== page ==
It’s accurate to call Marshall Fogel a collector, but hardly sufficient.
His collection of baseball memorabilia is nothing less than legendary, said to be second only to that of the National Baseball Hall of Fame in Cooperstown, NY.
Nor does the word “collector” come close to covering the bases — pun fully intended — of the many other facets of this modern Renaissance man’s life.
When he isn’t chasing yet another precious baseball artifact, or sharing his extensive expertise on baseballiana, Fogel might be playing cowboy, herding cattle somewhere in Wyoming atop his horse; delving into historical secrets of the Denver Jewish community; slogging, M-16 in hand, through the arduous boot camp of the Israeli army; raising money for Denver charities; perhaps mastering a new flamenco piece on his classical guitar.
He might, occasionally, even revisit his lifelong career as an attorney, taking on a case here and there, or advising state legislators on such topics as post-traumatic stress disorder, police matters or hepatitis C — areas in which his legal knowledge is considerable.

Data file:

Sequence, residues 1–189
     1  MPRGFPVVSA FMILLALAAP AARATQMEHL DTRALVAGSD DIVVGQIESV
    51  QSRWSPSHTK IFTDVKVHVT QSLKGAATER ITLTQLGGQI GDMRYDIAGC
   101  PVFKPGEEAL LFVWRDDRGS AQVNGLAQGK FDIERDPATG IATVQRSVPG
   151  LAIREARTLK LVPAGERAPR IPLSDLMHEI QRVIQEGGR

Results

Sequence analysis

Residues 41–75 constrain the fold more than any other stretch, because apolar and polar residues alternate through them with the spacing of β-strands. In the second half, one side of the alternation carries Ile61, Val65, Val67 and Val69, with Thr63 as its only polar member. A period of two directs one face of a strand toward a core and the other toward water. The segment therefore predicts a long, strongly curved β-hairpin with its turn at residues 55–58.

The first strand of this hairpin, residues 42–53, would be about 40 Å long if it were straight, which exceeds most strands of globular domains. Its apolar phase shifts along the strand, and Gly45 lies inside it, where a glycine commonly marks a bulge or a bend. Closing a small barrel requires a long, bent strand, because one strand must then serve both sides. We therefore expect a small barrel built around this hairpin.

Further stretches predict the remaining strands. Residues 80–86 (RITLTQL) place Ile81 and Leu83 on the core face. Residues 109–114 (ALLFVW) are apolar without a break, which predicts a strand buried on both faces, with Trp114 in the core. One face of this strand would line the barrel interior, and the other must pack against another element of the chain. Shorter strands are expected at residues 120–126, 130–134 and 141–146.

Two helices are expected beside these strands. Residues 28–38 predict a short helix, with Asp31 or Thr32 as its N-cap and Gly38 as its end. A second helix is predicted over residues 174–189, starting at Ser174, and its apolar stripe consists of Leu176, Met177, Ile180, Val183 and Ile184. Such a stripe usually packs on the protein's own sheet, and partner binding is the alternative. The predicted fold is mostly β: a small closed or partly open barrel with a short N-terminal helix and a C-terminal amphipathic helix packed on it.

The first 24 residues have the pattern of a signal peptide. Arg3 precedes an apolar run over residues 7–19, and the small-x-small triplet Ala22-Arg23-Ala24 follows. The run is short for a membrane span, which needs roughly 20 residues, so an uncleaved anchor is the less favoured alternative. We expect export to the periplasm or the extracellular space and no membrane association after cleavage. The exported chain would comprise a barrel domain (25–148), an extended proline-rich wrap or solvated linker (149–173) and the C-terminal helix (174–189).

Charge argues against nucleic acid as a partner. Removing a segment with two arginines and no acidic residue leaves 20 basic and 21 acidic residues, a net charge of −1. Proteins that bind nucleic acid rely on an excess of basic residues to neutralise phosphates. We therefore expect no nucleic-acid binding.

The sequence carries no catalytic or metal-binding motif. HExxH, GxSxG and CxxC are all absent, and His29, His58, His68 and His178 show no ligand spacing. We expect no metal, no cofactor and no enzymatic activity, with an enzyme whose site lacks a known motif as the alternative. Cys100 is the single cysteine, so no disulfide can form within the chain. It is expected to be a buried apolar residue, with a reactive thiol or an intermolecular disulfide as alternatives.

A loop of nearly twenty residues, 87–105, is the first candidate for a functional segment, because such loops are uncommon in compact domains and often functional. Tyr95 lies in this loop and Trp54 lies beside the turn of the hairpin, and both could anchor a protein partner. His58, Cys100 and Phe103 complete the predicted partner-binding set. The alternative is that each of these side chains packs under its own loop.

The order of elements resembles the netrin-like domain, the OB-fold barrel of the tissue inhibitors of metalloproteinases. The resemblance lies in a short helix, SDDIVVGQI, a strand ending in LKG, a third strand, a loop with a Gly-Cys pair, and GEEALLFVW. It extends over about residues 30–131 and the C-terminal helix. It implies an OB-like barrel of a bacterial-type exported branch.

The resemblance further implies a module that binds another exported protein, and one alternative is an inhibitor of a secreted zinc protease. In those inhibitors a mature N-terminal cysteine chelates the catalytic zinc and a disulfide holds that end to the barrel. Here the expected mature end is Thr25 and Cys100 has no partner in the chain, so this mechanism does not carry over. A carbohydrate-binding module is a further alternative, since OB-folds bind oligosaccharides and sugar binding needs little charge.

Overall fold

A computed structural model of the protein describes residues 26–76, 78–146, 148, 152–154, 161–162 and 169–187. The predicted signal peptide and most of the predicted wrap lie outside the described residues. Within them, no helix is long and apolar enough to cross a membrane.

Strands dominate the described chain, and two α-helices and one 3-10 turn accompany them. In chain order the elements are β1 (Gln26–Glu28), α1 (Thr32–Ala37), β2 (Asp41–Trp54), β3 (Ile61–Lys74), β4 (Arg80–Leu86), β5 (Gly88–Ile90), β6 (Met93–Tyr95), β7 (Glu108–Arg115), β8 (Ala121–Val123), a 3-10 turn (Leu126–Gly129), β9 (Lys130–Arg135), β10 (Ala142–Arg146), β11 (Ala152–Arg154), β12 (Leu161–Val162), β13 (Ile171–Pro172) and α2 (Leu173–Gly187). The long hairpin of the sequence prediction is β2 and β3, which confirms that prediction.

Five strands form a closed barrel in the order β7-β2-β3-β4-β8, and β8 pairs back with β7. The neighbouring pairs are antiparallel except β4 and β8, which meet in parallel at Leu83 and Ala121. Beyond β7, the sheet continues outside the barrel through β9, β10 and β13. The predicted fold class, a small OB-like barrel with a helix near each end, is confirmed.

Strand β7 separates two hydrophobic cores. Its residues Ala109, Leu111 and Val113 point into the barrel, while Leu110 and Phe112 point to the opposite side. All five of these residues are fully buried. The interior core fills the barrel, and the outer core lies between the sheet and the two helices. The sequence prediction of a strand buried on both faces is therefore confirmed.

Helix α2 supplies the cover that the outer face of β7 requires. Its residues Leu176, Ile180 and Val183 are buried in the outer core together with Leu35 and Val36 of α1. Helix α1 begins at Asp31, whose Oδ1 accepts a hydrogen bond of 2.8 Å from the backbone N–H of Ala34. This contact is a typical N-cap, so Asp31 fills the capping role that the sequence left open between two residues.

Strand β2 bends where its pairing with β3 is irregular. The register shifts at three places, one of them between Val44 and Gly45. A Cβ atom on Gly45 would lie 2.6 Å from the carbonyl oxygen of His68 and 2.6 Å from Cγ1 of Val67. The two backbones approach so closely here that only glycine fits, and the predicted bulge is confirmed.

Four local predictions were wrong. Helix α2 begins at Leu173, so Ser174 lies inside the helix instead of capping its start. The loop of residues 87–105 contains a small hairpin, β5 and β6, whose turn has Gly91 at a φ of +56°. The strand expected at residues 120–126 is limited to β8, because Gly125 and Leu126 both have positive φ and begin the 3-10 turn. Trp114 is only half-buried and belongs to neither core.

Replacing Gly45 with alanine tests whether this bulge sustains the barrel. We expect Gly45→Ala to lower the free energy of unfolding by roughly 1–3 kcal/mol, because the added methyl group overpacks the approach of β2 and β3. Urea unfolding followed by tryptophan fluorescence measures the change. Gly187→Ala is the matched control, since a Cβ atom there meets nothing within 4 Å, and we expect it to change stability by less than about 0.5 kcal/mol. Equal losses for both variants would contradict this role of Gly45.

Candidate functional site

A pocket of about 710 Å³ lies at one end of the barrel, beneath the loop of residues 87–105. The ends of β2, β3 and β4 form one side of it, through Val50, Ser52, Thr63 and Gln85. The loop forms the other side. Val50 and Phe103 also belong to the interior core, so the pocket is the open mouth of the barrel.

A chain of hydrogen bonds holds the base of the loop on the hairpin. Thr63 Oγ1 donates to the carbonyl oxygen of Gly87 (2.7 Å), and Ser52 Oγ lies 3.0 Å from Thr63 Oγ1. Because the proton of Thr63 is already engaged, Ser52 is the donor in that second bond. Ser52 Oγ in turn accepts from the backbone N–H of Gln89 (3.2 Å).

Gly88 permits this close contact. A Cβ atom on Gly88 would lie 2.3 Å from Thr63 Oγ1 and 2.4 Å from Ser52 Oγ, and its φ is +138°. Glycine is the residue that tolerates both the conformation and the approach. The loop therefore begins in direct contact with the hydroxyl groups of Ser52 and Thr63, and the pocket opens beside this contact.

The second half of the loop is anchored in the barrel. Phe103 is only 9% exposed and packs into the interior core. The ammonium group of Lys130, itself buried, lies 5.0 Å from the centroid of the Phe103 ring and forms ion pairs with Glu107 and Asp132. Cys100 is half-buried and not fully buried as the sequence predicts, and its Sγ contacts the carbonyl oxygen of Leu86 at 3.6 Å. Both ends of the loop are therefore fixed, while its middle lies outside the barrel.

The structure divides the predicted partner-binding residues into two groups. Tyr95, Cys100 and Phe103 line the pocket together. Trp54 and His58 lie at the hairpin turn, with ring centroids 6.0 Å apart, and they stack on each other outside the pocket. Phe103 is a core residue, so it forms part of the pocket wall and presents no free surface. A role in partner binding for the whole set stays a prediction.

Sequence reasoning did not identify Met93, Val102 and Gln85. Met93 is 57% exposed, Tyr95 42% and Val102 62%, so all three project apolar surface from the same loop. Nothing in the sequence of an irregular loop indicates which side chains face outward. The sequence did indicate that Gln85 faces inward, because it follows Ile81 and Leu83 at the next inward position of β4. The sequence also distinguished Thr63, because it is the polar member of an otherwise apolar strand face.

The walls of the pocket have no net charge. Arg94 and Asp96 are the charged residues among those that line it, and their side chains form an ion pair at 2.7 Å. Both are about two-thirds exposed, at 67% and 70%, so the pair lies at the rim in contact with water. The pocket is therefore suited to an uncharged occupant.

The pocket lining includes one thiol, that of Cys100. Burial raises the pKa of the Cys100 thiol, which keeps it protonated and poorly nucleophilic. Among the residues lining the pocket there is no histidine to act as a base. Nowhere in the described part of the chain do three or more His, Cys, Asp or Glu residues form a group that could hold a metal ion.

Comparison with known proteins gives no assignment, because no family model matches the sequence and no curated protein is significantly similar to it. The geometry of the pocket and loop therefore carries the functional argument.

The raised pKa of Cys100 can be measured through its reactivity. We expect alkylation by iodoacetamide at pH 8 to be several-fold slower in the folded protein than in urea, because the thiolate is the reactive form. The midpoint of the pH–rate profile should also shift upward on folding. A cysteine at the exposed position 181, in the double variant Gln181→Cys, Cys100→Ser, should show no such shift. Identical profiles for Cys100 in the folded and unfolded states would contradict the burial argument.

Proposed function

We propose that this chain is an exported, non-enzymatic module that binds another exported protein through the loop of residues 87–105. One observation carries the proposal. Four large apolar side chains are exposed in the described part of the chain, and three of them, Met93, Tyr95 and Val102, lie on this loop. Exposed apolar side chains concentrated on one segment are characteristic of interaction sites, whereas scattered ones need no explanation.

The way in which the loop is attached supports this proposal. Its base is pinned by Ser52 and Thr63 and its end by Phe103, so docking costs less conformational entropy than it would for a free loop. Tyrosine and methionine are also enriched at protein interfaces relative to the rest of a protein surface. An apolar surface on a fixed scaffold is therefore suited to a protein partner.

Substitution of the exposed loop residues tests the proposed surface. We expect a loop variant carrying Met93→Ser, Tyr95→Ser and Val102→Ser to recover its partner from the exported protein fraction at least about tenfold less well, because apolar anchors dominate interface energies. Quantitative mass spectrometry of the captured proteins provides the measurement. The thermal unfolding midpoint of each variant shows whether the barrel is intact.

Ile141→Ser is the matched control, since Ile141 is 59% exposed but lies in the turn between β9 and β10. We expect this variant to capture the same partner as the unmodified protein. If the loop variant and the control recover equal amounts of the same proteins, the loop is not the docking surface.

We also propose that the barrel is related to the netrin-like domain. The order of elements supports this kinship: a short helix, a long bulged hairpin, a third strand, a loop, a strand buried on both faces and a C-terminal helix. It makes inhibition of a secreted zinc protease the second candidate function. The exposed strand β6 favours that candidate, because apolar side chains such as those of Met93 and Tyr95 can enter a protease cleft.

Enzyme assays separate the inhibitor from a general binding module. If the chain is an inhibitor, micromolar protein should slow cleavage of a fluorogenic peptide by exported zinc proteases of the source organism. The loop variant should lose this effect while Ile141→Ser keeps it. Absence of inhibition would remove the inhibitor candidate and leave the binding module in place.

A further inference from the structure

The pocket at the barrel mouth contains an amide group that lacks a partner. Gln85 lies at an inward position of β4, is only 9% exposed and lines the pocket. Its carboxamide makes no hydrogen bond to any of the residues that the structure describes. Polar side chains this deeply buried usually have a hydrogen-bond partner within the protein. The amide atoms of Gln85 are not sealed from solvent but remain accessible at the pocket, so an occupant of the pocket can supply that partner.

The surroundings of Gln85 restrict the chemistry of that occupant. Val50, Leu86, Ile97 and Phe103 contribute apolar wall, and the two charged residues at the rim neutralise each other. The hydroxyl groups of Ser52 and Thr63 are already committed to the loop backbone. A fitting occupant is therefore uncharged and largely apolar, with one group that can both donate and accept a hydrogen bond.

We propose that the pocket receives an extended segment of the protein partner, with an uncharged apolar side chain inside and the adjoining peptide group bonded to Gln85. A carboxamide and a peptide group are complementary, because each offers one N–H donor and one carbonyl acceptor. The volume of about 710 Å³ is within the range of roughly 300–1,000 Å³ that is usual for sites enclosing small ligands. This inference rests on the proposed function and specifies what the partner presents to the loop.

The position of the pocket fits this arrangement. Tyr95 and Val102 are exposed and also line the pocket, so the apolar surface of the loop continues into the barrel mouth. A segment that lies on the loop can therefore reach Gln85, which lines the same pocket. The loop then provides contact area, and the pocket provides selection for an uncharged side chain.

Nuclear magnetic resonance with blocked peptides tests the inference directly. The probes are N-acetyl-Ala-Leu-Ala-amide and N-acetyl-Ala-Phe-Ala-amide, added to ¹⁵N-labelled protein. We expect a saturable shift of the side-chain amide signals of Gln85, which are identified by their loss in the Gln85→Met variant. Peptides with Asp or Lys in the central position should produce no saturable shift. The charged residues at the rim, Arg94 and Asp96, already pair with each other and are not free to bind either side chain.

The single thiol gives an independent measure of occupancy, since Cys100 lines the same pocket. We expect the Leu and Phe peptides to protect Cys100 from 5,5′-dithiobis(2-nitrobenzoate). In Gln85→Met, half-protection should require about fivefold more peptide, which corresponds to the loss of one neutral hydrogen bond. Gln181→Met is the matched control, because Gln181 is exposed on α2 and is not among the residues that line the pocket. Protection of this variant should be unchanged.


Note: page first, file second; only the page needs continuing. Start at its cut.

Obviously, a man of many interests.
At 73, he seems fit and energetic, his wit sharp, his conversational skills and range of knowledge vast and eclectic, which is putting it mildly.
Some people think of him as an eccentric, Fogel says, basing that description on the amazing range of his interests, some of which are unusual, and the intellectual depth he applies to those interests.
He’s not sure that he disagrees with them, nor — in the classic style of true eccentrics — does he particularly care.
“You find peace with yourself by looking at life as a ladder,” he says. “The ladder has a lot of steps up and a lot of steps down. So doesn’t it make sense that as long as you’re alive and you have your health and will to learn, that you climb as high as you can on the ladder?”
Fogel, born in Denver, grew up in Park Hill and Hilltop. The father of three spent his youthful years at BMH and Beth Joseph. He is a member of Temple Sinai these days.
Educated at East High, CU and DU, he has always loved the law and has always been a lawyer.